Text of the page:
Power of Food

The Healing Power of Food

“Healing” is associated with sickness, but what you eat can be sources of wellness in endurance training.

How is healing important to an endurance athlete who is healthy and has no medical issues? How do you feed your body to “heal” it from the stress of training and racing? Here are four ways the right food works its magic on your body.

Muscle Repair

HOW FOOD HELPS:   Each time you subject your body to intensive training, whether by swimming, running, or cycling, parts of your muscles tear due to overuse. The fibers of your muscle need proper building blocks to be able to repair well.

THE FOOD THAT “HEALS”:   The best “building block” of muscle repair is protein.

BEWARE:  Not all proteins are created equal. For example, not all protein powders for shakes are healthy. Some contain unwanted and unhealthy ingredients such as refined sugars, artificial coloring, and artificial flavoring. Although these types of protein powders still deliver protein for repair, it can adversely affect your health. The refined sugars can raise your blood sugar. Or there can be unhealthy fats, which your body doesn’t need.

CHOOSE:  Go for simple protein powders made with whey protein isolates. Whey isolates are 100% pure protein that deliver repair to the muscle effectively. In contrast, whey protein concentrates contain a lot of unhealthy fat, which your body doesn’t need.

Glycogen Refill

HOW FOOD HELPS:   Glycogen is what fuels your muscle. Without glycogen, your muscles are akin to a car on empty. After each race or training session, your glycogen stores are depleted, needing a top-up.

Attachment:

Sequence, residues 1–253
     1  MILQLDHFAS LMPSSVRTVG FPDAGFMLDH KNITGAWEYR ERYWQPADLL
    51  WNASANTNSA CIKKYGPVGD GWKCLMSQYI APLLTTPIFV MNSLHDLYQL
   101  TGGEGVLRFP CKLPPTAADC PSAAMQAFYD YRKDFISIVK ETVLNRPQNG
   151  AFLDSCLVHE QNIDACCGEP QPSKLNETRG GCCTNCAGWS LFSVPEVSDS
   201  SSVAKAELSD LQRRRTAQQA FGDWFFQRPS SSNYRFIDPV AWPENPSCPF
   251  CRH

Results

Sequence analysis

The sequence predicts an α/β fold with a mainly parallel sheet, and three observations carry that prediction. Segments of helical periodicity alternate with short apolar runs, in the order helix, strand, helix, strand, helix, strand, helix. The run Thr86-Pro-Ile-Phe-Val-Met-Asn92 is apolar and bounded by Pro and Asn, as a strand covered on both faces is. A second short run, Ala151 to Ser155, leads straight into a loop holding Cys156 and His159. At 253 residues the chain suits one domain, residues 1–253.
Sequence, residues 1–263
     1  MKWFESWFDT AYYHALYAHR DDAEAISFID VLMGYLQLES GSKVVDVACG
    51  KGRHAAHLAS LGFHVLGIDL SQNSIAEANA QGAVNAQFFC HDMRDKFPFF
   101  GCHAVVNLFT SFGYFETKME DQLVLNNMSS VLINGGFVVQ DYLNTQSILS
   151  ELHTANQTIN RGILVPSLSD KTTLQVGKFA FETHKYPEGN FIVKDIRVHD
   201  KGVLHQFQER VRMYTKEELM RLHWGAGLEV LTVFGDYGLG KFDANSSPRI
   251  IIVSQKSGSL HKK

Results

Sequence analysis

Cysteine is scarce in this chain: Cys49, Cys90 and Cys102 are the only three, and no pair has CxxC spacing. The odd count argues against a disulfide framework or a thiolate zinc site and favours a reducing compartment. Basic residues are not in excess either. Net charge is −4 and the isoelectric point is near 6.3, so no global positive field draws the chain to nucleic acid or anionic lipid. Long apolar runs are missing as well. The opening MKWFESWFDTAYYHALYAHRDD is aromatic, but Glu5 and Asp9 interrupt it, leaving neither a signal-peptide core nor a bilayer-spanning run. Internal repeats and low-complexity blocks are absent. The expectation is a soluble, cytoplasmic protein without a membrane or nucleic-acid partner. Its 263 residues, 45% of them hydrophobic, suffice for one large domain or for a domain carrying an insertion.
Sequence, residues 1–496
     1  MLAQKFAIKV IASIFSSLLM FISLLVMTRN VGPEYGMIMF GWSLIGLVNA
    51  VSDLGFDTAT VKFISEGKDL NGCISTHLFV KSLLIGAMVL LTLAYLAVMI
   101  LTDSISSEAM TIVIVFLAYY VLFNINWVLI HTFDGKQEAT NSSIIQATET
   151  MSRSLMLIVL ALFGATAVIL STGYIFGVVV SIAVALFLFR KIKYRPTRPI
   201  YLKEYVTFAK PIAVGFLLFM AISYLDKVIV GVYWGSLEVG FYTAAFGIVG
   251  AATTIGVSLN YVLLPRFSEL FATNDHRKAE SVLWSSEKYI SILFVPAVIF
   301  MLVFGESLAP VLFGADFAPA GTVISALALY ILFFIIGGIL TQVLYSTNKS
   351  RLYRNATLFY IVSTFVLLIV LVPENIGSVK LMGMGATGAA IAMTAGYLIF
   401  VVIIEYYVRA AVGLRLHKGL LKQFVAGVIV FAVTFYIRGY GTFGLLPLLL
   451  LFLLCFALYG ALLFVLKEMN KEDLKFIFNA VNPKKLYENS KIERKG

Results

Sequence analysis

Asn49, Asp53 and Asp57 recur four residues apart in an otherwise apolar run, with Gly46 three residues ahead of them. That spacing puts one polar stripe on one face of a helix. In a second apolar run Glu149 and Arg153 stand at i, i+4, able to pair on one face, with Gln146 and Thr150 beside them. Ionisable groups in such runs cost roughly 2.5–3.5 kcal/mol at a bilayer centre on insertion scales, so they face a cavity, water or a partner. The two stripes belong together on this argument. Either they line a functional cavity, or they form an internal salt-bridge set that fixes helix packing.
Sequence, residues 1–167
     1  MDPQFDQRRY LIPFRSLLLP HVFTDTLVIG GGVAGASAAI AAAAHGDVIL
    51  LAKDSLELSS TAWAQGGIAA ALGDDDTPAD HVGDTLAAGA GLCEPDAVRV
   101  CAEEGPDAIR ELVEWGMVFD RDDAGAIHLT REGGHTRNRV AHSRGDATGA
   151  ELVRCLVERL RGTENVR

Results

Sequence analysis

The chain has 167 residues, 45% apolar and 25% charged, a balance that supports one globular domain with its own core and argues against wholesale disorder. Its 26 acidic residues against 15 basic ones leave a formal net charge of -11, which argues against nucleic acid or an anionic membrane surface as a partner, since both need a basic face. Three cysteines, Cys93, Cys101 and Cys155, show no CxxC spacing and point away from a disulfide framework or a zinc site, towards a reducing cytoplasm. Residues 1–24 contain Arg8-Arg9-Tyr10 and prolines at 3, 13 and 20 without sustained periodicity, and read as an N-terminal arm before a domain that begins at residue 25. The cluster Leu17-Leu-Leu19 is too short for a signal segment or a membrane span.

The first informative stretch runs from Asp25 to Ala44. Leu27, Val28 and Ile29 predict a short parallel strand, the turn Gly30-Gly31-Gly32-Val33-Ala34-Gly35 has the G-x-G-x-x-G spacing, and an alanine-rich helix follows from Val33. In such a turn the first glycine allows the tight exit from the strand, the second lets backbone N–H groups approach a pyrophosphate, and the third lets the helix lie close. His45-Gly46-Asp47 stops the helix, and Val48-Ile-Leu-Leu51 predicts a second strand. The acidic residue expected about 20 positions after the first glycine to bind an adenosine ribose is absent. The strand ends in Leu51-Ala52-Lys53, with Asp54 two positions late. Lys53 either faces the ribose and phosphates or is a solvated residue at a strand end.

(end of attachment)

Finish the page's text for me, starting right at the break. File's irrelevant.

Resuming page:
THE FOOD THAT “HEALS”:    Since the source of glycogen is carbohydrates, the best way to refill your glycogen stores is by taking in clean, simple carbohydrates as part of your post-training meal.

BEWARE:  Complex carbs post-workout.

CHOOSE:  Simple carbs are best for glycogen store refilling because it’s processed quickly by the body. Eating white rice, as part of a meal, is a great way of replenishing glycogen stores after a hard workout. Keep in mind that white is best after a workout but complex carbohydrates such as brown rice are best for constant consumption.

Immune system support

HOW FOOD HELPS:  Due to the intensity of training and racing, the immune system of an endurance athlete takes a beating. In order to recover, train, and race well the next day, one must make sure that the immune system is supported.

THE FOOD THAT “HEALS”:    Eating food that has a mix of essential vitamins and minerals, sans the chemicals and artificial ingredients, would be the basic foundation of keeping your immune system well.

BEWARE:  Another way to protect your immune system is to stop eating junk and processed food, most especially after training and racing when your immune system is most vulnerable.

CHOOSE:  Start with a good vitamin A, C, B-complex, and Zinc for beginning athlete’s immune system support.

Lactic Acid Flush

HOW FOOD HELPS:   Lactic acid is the waste product of muscle use. A build-up of lactic acid means pain, tightness, and a burning sensation in muscles, which prevents you from training and racing well. Lactic acid must be flushed out by massage therapy to break down lactic acid crystals.

THE FOOD THAT “HEALS”:   A diet rich in alkaline-forming foods such as fresh fruits, fresh vegetables, and other whole foods are key in creating an alkaline environment in your body.

BEWARE:  Avoiding acid-forming food such as processed food, junk food, and fast food. Staying away from food like these helps ensure that your body can expel lactic acid well.

CHOOSE:  A drink you can take to help create an alkaline environment in your body involves 1 Tbsp raw apple cider vinegar mixed in a glass of water to be taken after a strenuous workout. Incorporating lemon-infused water in your daily regimen is an easy way to help alkalinize your body.

 




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